Powell has been a manufacturer of mufflers for upwards of twenty-five years. He had manufactured over one-hundred different kinds. He had as customers such concerns as Franklin Company, Pierce-Arrow, White Motor Co., International Harvester, Packard Company and Mack Truck Company. He had obtained over twenty patents, five of them on mufflers. His experience was such that he must have known whether the idea, suggested by McNamara and put into use by him, was covered by his former patents. In the interference case in this court, he said it was not. He averred and contended not only that he was "the true, first and sole inventor of the Improvement in Muffler", but also, "that the same was not known or used before his invention or discovery thereof". He then goes to the Circuit Court and says, "every feature of the claims in issue were shown in Powell's prior patents on mufflers". In a State Court case entitled Ambrose J. McNamara v. Herbert S. Powell and Powell Muffler Co., Inc., Successor to Powell Muffler Co., 168 Misc. 806, 7 N.Y.S.2d 141 affirmed in 256 App. Div. 554, 11 N.Y.S.2d 491 (begun after interference decision and the record of which is before me), he maintained that the idea was new, novel and patentable and then called experts to show invalidity through anticipation. His position, in both Federal and State Court, seems to have been, "The idea is new, novel and patentable if I am found to be the inventor, and invalid and anticipated if it is found to be McNamara's idea". He should not be allowed to blow "hot and cold" indefinitely.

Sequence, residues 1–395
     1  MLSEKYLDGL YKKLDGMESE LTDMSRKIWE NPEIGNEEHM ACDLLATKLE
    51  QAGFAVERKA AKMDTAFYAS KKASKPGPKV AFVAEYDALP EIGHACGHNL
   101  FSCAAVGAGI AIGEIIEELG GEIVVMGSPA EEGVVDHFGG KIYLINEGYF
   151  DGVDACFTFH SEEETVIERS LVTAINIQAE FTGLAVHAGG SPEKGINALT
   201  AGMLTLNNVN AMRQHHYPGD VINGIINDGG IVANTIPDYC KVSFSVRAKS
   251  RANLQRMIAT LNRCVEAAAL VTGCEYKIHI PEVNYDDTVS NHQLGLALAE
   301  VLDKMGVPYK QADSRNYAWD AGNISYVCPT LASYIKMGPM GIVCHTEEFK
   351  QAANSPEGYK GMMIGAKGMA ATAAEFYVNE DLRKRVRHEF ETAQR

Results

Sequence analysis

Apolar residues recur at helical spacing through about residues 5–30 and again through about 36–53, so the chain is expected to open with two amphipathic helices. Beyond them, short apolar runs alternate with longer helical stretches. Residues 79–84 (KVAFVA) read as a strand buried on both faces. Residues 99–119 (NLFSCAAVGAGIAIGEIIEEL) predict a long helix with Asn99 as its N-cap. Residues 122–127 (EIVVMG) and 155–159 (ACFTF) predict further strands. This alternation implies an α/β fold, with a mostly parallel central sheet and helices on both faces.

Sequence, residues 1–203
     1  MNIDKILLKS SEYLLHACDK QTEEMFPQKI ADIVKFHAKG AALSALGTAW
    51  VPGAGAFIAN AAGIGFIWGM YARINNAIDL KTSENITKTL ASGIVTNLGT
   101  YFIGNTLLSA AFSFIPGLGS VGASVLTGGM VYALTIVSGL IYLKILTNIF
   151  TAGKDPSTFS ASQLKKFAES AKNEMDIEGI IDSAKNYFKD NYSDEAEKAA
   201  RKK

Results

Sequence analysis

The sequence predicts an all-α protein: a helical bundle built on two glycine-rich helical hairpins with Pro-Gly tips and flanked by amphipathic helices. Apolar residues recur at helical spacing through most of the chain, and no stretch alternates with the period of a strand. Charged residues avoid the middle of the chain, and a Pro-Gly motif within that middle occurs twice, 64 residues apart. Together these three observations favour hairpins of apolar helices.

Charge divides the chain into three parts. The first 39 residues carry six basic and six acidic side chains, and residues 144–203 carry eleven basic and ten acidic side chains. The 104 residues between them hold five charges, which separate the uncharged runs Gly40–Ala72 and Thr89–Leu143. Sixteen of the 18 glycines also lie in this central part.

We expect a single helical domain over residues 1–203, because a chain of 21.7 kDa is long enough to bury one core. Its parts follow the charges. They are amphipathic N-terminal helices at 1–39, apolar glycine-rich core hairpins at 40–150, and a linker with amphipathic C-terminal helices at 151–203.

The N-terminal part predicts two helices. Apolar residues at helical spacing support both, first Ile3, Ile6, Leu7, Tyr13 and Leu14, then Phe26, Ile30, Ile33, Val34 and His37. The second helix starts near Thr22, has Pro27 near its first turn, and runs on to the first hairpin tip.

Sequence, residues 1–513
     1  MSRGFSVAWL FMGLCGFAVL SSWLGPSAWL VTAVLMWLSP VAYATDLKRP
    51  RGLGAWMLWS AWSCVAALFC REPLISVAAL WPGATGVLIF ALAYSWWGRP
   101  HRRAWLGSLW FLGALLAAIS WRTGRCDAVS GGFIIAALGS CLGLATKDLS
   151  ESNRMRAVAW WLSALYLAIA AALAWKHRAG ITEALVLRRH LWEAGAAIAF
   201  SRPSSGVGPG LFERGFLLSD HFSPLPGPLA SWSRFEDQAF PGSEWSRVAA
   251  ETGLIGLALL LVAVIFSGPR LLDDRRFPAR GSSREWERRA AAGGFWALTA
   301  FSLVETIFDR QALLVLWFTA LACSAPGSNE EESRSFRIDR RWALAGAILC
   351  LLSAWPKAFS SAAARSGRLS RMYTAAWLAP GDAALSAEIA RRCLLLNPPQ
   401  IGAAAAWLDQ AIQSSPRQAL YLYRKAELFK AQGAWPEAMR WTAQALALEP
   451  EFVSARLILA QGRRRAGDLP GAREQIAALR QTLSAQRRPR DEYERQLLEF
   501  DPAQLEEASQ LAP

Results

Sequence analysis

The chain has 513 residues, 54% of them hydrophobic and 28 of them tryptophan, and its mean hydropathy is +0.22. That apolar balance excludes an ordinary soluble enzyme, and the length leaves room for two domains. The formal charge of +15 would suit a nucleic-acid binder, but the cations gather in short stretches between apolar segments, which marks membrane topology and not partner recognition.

Defendants meet plaintiff's claim of estoppel by saying they acted in good faith, but, if they did not, then this court is without power to do anything about it because they seek no affirmative relief. E.W. Bliss Co. v. Cold Metal Process Co., 6 Cir., 102 F.2d 105-110. They are in court seeking affirmative relief. The counterclaim asks for it. The request for affirmative relief is based upon allegations of non-patentability and invalidity because of anticipation. These issues they should not be allowed again to litigate.
It is not necessary for me to consider plaintiff's contention that the decision in the State case is res adjudicata on the question of validity.
Motion to strike is granted. Motion for partial judgment and injunction is denied. An order may be presented.